Extortion vs. Coercion: What's the Difference?

Updated May 3, 2024
6 min read
Title "Extortion vs Coercion", bank notes, papers, scales

Extortion and coercion are often used interchangeably, but they are different according to criminal law. The legal definition of coercion covers various topics because this term itself is related to manipulative actions and intentions. Extortion refers to attempts to get tangible assets like property, personal belongings, works, etc. 

Sometimes, these two may be even bound in the extortion vs blackmail vs coercion paradigm. Let’s explore the meaning of each crime and its relation one to another.

What Is Extortion?

Unlike the legal definition of coercion, extortion is a crime when one person tries to get money or property by threatening violence to another person, threatening to accuse another person of a crime, or threatening to reveal damaging or private information about the other person. Under federal law, the crime of extortion usually refers to actions by government officials or public officials, but it can also apply to private citizens.

Extortion starts with a threat, so no friendly extortion definition exists in law. Some type of threat must be made by the person who is extorting another. They might threaten the other person with injury or harm. In states like California, an extortion example is if a person threatens to hurt another person unless that person relinquishes money or property or threatens to expose a secret, file a report with immigration, or file a complaint of inappropriate behavior. The threat can be made in writing, using nonverbal gestures, or even with verbal threats. In some states, simply making a threat is enough to be charged with extortion.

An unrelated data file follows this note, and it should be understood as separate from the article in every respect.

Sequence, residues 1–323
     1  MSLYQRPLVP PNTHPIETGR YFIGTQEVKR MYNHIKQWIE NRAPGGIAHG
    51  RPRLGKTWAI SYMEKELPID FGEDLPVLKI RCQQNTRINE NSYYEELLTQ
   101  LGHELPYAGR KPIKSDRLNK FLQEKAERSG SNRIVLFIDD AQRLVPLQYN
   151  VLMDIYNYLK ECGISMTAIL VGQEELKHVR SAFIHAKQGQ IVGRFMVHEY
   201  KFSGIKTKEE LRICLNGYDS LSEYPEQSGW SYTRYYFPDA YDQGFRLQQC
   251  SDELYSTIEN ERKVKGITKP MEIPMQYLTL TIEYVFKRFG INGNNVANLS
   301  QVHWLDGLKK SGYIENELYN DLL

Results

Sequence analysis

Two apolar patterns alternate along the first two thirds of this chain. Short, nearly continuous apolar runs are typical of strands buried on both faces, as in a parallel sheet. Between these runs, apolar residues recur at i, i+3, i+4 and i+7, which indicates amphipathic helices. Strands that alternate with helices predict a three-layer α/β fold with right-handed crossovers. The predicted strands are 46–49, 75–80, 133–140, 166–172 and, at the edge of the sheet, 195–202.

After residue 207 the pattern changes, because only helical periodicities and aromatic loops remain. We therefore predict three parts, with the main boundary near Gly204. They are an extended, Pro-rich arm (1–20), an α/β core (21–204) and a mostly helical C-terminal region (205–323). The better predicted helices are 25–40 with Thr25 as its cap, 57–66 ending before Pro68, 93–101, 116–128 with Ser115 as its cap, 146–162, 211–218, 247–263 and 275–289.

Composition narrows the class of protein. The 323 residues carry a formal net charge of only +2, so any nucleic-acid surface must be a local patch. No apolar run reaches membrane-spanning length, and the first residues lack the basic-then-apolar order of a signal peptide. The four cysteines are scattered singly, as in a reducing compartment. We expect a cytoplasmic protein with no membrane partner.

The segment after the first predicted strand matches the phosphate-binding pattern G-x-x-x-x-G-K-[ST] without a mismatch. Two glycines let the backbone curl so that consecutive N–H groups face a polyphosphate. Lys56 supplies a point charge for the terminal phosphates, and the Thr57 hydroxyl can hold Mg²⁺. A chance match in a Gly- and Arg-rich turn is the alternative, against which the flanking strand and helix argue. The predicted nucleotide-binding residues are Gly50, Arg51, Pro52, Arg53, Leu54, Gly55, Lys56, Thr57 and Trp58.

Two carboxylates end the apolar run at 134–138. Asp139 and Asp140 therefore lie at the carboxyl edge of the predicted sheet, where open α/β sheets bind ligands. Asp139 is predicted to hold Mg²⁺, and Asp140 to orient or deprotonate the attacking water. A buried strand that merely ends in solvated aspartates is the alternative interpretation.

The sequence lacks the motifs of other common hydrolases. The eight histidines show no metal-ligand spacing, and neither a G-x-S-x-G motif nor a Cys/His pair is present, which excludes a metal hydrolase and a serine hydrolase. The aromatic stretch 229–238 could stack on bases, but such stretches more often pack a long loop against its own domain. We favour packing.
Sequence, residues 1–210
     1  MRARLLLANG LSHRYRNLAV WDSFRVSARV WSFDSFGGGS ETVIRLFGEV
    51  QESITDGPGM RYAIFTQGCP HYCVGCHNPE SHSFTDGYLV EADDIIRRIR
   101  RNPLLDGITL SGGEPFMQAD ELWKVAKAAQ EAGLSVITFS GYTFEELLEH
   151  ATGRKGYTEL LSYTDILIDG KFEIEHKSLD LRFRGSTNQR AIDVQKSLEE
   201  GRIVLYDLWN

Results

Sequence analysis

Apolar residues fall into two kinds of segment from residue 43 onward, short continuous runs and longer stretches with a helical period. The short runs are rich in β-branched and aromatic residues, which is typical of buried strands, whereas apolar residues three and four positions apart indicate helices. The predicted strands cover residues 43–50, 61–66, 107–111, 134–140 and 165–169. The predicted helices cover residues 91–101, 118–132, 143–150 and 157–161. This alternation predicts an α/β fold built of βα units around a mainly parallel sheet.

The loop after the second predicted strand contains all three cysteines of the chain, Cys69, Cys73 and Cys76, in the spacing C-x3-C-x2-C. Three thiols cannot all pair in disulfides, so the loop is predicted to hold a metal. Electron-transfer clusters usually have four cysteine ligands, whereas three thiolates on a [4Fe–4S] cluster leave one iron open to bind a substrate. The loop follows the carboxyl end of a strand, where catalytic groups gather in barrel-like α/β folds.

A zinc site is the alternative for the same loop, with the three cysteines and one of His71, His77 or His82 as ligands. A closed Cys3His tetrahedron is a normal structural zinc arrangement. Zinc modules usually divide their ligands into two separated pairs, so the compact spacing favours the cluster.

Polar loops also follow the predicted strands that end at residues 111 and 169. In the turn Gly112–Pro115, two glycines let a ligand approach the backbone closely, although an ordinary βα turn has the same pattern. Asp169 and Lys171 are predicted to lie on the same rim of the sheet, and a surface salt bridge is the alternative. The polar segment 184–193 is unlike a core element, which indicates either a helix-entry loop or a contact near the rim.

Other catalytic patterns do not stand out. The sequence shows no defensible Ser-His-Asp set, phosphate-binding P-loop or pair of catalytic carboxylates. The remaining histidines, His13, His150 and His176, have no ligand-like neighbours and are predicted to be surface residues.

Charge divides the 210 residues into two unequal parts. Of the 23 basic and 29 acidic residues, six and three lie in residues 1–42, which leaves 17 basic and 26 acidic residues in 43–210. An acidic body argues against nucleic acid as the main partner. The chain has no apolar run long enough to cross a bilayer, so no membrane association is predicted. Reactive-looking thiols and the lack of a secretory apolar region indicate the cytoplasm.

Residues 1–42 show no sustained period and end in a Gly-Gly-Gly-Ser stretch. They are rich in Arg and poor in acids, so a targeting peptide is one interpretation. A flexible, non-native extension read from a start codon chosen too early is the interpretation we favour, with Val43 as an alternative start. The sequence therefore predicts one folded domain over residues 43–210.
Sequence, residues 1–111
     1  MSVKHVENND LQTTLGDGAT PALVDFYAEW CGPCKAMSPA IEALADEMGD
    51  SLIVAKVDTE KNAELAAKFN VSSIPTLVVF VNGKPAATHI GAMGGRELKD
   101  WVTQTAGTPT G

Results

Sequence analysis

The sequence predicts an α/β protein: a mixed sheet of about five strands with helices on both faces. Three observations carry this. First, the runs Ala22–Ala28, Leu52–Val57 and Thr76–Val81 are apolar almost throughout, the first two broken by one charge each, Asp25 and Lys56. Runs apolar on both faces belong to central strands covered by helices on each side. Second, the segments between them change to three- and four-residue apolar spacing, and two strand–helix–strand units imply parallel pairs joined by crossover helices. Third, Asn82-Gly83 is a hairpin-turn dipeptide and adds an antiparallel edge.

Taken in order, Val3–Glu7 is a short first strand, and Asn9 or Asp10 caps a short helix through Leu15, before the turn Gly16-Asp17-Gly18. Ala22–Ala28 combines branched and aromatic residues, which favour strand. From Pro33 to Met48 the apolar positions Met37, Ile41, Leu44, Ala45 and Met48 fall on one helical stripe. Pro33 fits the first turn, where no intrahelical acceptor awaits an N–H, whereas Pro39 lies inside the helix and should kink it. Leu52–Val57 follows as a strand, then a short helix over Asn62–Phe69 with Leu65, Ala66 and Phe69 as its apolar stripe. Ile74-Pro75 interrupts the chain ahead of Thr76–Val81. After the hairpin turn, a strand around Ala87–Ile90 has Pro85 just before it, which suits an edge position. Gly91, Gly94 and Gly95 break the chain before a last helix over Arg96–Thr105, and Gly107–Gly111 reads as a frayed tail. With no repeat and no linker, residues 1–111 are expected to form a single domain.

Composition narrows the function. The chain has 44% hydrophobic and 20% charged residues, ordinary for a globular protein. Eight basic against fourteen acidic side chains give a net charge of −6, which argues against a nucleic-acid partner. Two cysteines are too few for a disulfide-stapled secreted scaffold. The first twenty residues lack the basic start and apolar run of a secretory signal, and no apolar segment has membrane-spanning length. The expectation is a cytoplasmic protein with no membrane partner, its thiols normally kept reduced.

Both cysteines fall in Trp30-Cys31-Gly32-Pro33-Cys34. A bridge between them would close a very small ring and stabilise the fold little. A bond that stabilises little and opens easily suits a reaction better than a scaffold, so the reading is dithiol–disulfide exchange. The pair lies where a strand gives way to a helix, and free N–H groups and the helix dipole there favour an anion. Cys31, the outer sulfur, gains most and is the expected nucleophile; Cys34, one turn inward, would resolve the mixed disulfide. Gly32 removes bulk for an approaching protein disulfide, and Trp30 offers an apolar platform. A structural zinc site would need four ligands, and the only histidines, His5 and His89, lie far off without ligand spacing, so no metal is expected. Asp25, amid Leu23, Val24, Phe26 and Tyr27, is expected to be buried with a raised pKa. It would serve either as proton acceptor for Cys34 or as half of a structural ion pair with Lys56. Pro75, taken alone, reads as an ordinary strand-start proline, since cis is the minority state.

There must be intent behind that threat. If an offender threatens to hurt another person specifically if there is no exchange of money or property, then both the threat and the intent are present.

The threat also must be severe enough that it actually causes fear in the victim, a fear of violence, a fear of social stigma, a fear of deportation, or any other type of fear that is significant enough to cause the victim to hand over whatever the person wants.

The property extorted doesn’t have to be big, such as a house or a car. It can be anything that has some kind of value, including an agreement not to compete with another business, a liquor license, or something tangible like cash, artwork, etc.

If any of these threats continue, it’s best to prepare a cease and desist letter that will warn the offender of consequences of their actions, and seek a competent lawyer in your locality.

What Is Coercion?

The coercion legal definition usually covers political activity, sex trafficking, sports, jobs, or housing. There are many examples of coercion in law, but they all refer to situations when a person is under duress because they have been coerced into doing something after having been threatened.

The coercion meaning in law is very similar to extortion in that it starts with a threat. One person threatens to cause harm or injury to another, expose a secret, file a complaint for inappropriate behavior, file a report with immigration, and so on. The threat can be made in writing, verbally, or with nonverbal communication.

There also must be intent behind the coercion vs blackmail. When a threat is made to coerce someone, the intent has to be that the victim or person being threatened will do something for the person who is coercing them. See the following examples of the coercion meaning in law: 

  • Coercion and politics — an offender threatens a politician to do or not do something, vote one way or the other, etc. 
  • Coercion and housing — an offender threatens another person in order to get out of or stay in a house. Fair housing usually involves threats of reporting people to immigration, and it might correspond with other laws having to do with things like sex trafficking.